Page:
By Jordan Bird
With Betty Crocker as her muse and a naive sensibility for baking out of any kind of box beyond the big yellow one, my midwestern mom forged ahead to nurture us with crumbly, cream, Bisquick biscuits. Weekend biscuit breakfasts were a chance to see my food at eye level; I was mesmerized at how a steaming piece of bread could turn a solid chunk of butter into liquid gold that dripped over the ragged edges and ran hotly down my hand, turning me into a spindly, pig-tailed Midas. An upturned honey bear would spout off a pagan spiderweb of drizzle—creating an unrepeatable mandala—and I would watch in anticipation for the moment that it sank into the bread and became one with butter and biscuit. Few rituals have I observed with such anticipation and solemnity.
These days, in the dark mellowness of slumber when the flannel sheet slips off a bare shoulder and that spiky nip of air is realized, the one thing that can get me moving is biscuits (and the smell of bacon). Alarms don’t work, especially in the depths of winter, and my hibernating is impervious to my husband’s irritating—though well-meaning—attempts to shake me awake. Coffee can be on the nightstand, and it’ll be cold before I even grasp that it’s there. But, damnit, throw some gluten into the air, and I’ll Sonic-the-Hedgehog myself to the kitchen to eagerly await whatever warm, bread-y thing is lurking in the oven. Granted, most of the time I’m the one making the bread-y things, but as long as I know there’s even an option of something warm for breakfast…I’ll get a move on.
The day that I found this particular recipe was the day my life changed. These are the fluffiest, tangiest, most flavorful biscuits I’ve ever had (much less made myself). This pan of biscuits gave new meaning to a hallelujah chorus, and I’m certain I looked at the ceiling after trying the first one and said, “LORD.” Humans find church in many different places…mine just happens to be in bites. And every future bite of biscuit that comes out of my kitchen will be regarded with a holy respect, not only in homage to my childhood devotion, but in thankfulness for something that this wanderer can take hold of and call a root.
Adapted from Local Milk
Serves 4-6, depending on size of biscuits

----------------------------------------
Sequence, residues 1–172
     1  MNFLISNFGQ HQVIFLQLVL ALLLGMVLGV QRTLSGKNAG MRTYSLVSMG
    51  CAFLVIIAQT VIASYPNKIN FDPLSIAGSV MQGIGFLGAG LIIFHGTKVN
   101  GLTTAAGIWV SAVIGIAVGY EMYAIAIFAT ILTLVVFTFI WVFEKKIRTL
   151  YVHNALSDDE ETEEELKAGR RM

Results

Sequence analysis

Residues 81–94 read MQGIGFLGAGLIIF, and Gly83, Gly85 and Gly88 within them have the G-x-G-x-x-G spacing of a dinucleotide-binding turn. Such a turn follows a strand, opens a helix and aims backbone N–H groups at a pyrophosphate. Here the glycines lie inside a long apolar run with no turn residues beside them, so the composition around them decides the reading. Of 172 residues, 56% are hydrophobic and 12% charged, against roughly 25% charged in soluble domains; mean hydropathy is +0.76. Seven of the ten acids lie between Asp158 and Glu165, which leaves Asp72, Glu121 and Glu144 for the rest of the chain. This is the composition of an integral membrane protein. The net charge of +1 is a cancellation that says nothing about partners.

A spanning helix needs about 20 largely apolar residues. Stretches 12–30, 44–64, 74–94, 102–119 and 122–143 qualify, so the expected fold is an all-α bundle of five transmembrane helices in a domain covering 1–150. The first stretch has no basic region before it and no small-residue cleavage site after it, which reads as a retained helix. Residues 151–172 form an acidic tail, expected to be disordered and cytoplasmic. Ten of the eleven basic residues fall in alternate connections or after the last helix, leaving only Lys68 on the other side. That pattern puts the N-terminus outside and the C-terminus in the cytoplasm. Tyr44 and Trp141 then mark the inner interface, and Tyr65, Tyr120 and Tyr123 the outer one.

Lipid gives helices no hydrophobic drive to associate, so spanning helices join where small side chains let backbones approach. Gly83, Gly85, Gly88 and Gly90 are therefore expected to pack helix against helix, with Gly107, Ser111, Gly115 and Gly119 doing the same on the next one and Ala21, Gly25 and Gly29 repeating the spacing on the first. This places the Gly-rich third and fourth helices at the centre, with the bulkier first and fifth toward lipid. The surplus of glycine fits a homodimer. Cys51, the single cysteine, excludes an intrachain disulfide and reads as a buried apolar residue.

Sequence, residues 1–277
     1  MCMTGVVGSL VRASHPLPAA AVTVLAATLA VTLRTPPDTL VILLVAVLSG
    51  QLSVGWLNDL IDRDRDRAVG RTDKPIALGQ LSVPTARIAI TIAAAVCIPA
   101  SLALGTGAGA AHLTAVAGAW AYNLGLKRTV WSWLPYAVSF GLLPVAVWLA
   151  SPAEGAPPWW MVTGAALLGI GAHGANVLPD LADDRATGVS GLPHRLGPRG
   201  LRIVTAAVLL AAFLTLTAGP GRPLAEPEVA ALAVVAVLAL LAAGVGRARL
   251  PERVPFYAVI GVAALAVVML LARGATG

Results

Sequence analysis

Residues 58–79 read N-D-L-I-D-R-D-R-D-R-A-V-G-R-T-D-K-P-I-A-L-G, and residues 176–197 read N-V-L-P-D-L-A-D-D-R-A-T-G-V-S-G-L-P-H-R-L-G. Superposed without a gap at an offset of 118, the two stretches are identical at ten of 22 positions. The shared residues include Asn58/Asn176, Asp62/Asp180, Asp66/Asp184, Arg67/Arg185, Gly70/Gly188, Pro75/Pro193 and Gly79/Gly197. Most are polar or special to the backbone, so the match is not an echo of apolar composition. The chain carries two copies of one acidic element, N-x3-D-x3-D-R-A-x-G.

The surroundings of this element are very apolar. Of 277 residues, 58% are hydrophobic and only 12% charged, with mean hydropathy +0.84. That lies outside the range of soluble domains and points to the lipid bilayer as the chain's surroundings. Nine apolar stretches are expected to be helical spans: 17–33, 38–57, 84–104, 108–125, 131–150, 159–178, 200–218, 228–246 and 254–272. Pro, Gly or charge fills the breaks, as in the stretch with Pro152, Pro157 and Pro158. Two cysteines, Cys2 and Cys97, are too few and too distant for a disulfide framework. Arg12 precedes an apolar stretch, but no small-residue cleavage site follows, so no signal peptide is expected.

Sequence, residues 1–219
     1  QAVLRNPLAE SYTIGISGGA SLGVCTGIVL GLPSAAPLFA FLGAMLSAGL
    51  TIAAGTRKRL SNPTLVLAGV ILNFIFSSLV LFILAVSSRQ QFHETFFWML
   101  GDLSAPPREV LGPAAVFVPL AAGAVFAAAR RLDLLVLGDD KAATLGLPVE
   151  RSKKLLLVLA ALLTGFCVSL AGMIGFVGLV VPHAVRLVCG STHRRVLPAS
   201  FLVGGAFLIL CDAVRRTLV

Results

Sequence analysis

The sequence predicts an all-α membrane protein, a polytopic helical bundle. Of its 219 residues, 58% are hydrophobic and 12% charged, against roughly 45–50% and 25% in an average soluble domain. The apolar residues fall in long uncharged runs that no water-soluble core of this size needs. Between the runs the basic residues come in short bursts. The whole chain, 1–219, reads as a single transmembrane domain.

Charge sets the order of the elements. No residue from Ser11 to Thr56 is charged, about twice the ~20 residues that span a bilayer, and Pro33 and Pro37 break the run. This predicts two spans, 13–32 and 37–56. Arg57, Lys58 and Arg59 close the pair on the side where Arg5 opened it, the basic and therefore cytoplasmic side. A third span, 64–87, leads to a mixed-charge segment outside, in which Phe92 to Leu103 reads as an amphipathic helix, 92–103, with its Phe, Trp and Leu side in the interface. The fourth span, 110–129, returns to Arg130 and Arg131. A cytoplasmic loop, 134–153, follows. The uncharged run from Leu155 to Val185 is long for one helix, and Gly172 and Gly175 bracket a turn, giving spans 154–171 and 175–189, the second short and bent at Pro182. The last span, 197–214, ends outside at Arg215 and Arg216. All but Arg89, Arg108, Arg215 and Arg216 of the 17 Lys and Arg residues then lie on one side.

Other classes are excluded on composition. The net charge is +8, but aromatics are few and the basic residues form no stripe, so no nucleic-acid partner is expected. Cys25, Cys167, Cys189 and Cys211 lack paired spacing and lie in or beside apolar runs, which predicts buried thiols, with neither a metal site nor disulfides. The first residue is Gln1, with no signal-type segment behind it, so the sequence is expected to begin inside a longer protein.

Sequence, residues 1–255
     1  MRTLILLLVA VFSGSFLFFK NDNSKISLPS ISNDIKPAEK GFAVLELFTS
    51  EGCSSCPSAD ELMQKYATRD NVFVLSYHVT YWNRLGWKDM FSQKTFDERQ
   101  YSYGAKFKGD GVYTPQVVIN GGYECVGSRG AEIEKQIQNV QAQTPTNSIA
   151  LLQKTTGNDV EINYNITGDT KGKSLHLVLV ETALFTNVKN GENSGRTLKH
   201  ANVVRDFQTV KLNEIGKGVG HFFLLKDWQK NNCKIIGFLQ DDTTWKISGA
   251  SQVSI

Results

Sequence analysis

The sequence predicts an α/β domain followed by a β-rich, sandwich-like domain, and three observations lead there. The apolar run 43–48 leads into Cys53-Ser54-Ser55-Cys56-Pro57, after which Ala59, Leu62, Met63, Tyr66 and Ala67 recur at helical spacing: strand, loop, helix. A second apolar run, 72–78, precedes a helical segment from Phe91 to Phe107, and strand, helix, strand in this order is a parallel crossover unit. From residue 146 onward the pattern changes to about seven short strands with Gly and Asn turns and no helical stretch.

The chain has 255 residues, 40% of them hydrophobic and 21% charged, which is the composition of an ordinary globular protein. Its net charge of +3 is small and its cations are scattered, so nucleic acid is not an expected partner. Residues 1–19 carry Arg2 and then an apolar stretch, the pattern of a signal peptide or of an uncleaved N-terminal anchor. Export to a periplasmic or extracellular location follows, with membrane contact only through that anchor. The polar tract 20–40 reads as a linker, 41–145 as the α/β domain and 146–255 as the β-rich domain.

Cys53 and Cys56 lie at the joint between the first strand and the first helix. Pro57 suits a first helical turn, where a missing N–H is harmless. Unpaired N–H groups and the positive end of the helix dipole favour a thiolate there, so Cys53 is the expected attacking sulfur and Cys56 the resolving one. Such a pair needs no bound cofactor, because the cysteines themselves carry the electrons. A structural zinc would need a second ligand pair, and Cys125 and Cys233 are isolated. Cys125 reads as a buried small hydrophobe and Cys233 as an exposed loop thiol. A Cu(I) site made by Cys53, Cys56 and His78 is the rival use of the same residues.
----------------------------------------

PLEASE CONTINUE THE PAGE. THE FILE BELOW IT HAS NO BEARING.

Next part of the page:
2 cups all-purpose flour
1 teaspoon salt
1 tablespoon baking powder
¼ cup unsalted butter, cubed and well-chilled
1 cup buttermilk, well-chilled
- Preheat oven to 425°.
- In a large bowl, stir together the flour, baking powder, and salt.
- Your fingers are the best tools, so use them to cut the butter into your flour mixture to about the size of a pea. Do this quickly, before the butter gets too warm.
- Pour the buttermilk into your flour and butter mixture. Stir with a wooden spoon (or your hands, which I usually do) to achieve a densely shaggy dough. You don’t want it to be too dry or too wet. Add a tiny bit more buttermilk if it seems like it needs it, or add a little more flour to your work surface if the mixture seems too sticky.
- Turn your dough out onto a floured surface and pat it into a loose rectangle, about an inch thick.
- Fold the rectangle in half to form a square, and roll out dough gently. You’re trying to roll this dough out with as little effort as possible to create flaky, buttery layers. Fold rectangle in half lengthwise again, and roll out.
- Repeat the fold-and-roll two more times, and end on a fold.
- Roll the dough out to about an inch thick (thicker is always better!). Cut your biscuits out using a floured cutter, but DO NOT TWIST THE CUTTER. If you twist it, the edges will seal and your biscuits will not rise with the same kind of splendor. Re-roll out the scraps until all of the dough has turned into biscuits.
- Place your beautiful biscuits on a baking sheet (I like to line mine with parchment paper for easier cleanup). Make sure the biscuits are touching, because they use the power of groupthink to help the rising process. Seriously, get those things cozy with each other.
- Bake for 10-12 minutes. They should come out looking very fluffy and slightly golden. Let cool for just a few minutes (for the sake of your fingers).
- Fork those puppies open, breathe in the buttery steam, and slather with whatever your heart desires. My favorite is butter and honey (classic), but these are also to die for smothered with sausage gravy… just sayin’.
Jordan Bird is a lifelong Alaskan, introvert, and currently works as Art Director for the Bear Tooth, Moose’s Tooth, and Broken Tooth. She’s emotionally attached to Mexican street tacos, You’ve Got Mail, Bon Iver, white Christmas lights, and Oxford Commas.
*City Kitchen is a series of recipe blog posts contributed by community members, including my food journalism class at UAA.